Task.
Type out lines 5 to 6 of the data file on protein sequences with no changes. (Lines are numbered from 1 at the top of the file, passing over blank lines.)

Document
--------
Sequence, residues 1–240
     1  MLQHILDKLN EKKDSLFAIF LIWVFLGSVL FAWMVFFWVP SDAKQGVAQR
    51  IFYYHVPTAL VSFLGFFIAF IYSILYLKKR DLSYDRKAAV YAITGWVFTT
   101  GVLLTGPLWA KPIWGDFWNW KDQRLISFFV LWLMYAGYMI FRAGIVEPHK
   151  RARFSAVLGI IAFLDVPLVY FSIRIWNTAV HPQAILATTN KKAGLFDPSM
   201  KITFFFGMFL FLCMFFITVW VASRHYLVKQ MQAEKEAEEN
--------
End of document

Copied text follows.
   151  RARFSAVLGI IAFLDVPLVY FSIRIWNTAV HPQAILATTN KKAGLFDPSM
   201  KITFFFGMFL FLCMFFITVW VASRHYLVKQ MQAEKEAEEN